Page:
Discussion:
Why is "their" used instead of "his"?
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b***@googlemail.com
2019-01-18 22:10:52 UTC
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Here is a sentence from a very interesting book, which i do not quite understand:

The departure of his half brother left Adolf the principal butt of their father's frustrations.

Thanks in advance for any help!
Ken Blake
2019-01-18 22:17:37 UTC
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The departure of his half brother left Adolf the principal butt of their father's frustrations.
Thanks in advance for any help!
"Their" refers to Adolf and his half brother. His father was
frustrated with both of them.
b***@googlemail.com
2019-01-18 22:25:55 UTC
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Thank you, Ken.
Now it is clear!
I got my wires crossed.
Ken Blake
2019-01-18 23:07:59 UTC
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Thank you, Ken.
Now it is clear!
I got my wires crossed.
You're welcome. Glad to help.
CDB
2019-01-19 07:20:06 UTC
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Post by b***@googlemail.com
The departure of his half brother left Adolf the principal butt of
their father's frustrations.
Thanks in advance for any help!
Hitler's half-brother (call him "Junior") has just been mentioned. His
father and little Adolph's are the same delightful man. Half the
butts* get double the whippings.

*But you do know that in the context of your example, the word means
"target".
s***@gowanhill.com
2019-01-19 12:42:51 UTC
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Post by b***@googlemail.com
The departure of his half brother left Adolf the principal butt of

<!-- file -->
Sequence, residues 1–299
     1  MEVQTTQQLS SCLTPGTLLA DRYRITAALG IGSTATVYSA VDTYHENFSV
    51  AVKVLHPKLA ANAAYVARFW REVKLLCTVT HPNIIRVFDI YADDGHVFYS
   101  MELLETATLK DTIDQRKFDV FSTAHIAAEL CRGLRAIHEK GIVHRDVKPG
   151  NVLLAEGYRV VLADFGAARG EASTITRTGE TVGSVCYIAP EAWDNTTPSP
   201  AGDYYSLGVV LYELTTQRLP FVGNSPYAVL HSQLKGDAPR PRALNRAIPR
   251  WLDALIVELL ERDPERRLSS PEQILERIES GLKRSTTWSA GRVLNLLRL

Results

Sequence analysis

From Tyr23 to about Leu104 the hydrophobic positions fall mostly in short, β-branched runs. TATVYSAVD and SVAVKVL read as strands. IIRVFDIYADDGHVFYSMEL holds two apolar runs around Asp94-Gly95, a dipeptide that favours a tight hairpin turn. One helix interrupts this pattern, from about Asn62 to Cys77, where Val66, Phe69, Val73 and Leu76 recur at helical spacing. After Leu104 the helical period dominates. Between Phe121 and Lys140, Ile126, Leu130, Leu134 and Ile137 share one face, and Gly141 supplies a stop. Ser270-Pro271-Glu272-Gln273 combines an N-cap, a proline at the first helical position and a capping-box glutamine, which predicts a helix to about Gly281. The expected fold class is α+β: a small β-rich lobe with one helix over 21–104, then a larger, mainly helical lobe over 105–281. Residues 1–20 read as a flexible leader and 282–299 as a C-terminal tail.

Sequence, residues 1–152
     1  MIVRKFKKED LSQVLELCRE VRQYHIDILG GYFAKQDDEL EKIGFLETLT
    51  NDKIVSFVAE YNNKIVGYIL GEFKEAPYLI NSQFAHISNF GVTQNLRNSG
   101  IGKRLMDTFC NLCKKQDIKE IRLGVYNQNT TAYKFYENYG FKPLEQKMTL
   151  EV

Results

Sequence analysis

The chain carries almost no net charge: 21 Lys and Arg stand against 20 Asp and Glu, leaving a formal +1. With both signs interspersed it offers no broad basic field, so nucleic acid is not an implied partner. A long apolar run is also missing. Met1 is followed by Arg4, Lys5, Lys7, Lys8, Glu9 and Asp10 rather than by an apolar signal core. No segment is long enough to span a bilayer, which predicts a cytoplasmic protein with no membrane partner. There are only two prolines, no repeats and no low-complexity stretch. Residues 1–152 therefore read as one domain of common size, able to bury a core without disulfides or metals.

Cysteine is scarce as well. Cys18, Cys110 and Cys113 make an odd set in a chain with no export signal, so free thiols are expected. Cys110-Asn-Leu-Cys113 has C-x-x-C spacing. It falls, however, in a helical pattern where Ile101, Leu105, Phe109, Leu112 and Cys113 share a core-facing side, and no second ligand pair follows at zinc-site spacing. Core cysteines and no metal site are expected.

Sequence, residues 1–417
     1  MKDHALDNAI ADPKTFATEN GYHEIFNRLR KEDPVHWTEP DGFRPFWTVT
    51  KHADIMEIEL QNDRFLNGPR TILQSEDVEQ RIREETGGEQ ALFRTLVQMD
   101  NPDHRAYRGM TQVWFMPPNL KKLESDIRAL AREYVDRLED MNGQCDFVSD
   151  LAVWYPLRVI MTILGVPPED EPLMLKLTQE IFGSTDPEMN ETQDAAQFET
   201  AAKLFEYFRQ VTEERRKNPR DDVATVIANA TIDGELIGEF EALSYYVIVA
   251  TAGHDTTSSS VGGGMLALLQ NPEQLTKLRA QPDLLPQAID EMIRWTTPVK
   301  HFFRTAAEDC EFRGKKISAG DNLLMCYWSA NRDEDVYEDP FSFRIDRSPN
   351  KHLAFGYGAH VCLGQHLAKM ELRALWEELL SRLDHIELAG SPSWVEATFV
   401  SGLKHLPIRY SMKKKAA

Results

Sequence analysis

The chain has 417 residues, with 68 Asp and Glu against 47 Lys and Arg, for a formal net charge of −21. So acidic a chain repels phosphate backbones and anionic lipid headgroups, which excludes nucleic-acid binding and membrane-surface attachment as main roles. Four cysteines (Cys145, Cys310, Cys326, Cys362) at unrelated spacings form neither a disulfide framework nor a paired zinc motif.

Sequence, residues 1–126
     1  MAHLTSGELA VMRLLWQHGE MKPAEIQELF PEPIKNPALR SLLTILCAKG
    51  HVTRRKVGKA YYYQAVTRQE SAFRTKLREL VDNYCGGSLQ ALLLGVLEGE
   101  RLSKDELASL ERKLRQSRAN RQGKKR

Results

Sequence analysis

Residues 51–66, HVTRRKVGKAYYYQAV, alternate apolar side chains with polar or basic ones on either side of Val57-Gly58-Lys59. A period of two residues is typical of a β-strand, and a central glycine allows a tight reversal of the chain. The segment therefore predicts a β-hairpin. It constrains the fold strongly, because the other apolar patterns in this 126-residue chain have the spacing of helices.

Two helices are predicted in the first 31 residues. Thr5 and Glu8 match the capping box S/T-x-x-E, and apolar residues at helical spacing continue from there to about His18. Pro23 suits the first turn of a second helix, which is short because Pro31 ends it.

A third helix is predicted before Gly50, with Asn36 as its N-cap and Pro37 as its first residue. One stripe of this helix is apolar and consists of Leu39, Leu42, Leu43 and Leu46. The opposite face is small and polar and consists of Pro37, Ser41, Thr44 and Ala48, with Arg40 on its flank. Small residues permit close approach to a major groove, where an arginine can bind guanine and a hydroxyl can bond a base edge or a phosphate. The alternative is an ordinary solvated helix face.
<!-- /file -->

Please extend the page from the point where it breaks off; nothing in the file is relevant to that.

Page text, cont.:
their father's frustrations.
Because Adolf and his half-brother have the same father but different mothers.

If Adolf and his half-brother had different fathers but the same mother, it would be "his father's frustrations" or "his stepfather's frustrations".

Owain
b***@aol.com
2019-01-19 18:51:40 UTC
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Post by b***@googlemail.com
The departure of his half brother left Adolf the principal butt of their father's frustrations.
Thanks in advance for any help!
As others have said, "their father" refers to Adolph and his half-brother's
father, but the construction is awkward, as "their" is inconsistent with
the preceding syntax. More coherent would have been e.g. "The departure of
his half brother left Adolf the principal butt for the frustrations of the
two lads' father", but then the sentence is a bit stodgy - hence maybe the
choice of "their" as a lesser evil.
Peter T. Daniels
2019-01-19 21:26:34 UTC
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Post by b***@aol.com
Post by b***@googlemail.com
The departure of his half brother left Adolf the principal butt of their father's frustrations.
Thanks in advance for any help!
As others have said, "their father" refers to Adolph and his half-brother's
father, but the construction is awkward, as "their" is inconsistent with
the preceding syntax.
No, it's perfectly clear.
Post by b***@aol.com
More coherent would have been e.g. "The departure of
his half brother left Adolf the principal butt for the frustrations of the
two lads' father",
That's just ridiculous.
Post by b***@aol.com
but then the sentence is a bit stodgy - hence maybe the
choice of "their" as a lesser evil.
Not the slightest bit evil. Two half-brothers have one father.
b***@aol.com
2019-01-20 06:51:58 UTC
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Post by Peter T. Daniels
Post by b***@aol.com
Post by b***@googlemail.com
The departure of his half brother left Adolf the principal butt of their father's frustrations.
Thanks in advance for any help!
As others have said, "their father" refers to Adolph and his half-brother's
father, but the construction is awkward, as "their" is inconsistent with
the preceding syntax.
No, it's perfectly clear.
Post by b***@aol.com
More coherent would have been e.g. "The departure of
his half brother left Adolf the principal butt for the frustrations of the
two lads' father",
That's just ridiculous.
Post by b***@aol.com
but then the sentence is a bit stodgy - hence maybe the
choice of "their" as a lesser evil.
Not the slightest bit evil. Two half-brothers have one father.
Duh! Once again, you're missing the point.
Mark Brader